Formula E

Formula E is an interesting beast.

So what does it sound like when vehicles have no exhaust:

There’s even a live DJ during each race — or “EJ,” as he’s called — who pumps music into speakers around the venue to help make up for the lack of engine noise.


While the racing has been great, the most common complaint about Formula E was lodged well before the series even debuted: its sound, or the perceived lack of it. Traditional race fans love (or love to hate) the sound of combustion engines, and a series that lacks the rumbles and roars usually found in other motorsports is fighting an uphill battle.

“There’s always going to be standard combustion [engine] series out there, and we’re not trying to get rid of them,” Bird says. “There’s no reason why a fan can’t appreciate and love the so-called ‘normal’ concept of racing but at the same time appreciate and love what we’re doing here with our machines.”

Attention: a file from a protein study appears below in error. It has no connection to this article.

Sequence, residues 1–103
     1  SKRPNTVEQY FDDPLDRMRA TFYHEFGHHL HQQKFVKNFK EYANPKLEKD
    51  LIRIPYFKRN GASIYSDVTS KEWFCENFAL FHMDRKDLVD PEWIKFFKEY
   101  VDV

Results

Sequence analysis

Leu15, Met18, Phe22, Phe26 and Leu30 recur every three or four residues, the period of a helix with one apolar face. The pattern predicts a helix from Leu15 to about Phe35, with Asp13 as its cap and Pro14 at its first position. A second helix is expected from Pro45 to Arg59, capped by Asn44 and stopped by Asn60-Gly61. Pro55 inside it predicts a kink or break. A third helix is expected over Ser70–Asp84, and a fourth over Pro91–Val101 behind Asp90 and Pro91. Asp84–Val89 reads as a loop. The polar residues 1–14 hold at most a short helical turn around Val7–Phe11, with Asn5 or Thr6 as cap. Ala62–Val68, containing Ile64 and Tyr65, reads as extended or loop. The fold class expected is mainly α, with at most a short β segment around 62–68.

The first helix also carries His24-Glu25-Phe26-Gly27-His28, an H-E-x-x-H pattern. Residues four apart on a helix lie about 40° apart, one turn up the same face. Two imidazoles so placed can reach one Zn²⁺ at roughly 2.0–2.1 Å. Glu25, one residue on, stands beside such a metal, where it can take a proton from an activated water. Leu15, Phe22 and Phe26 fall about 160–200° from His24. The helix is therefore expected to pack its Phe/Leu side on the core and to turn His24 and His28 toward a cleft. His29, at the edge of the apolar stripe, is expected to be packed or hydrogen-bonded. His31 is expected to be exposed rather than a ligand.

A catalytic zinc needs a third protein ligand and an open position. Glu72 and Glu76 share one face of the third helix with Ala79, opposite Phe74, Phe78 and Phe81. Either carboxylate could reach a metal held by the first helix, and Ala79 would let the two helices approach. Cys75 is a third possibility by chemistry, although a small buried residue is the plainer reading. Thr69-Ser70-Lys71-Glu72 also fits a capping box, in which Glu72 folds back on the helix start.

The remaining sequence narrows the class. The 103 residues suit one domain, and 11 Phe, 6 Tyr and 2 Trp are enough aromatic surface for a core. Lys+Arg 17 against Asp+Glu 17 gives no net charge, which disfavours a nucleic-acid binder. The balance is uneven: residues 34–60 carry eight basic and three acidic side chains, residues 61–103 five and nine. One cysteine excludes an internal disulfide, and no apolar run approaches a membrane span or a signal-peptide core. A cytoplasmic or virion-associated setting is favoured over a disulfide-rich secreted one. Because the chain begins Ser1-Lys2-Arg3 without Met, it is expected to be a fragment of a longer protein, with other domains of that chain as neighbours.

But let’s be clear: these cars aren’t silent. The electric motors produce a sound that is somewhere between that of a giant RC car and something out of The Jetsons. They might be whisper-quiet from few hundred yards away, but they register about 80 decibels when they zip by. That’s plenty of noise to get your heart pounding.

I get sad thinking about combustion engines going away, but like most things, we adapt quickly to the new and forget about the old: cigarettes in bars, new operating systems, pagers.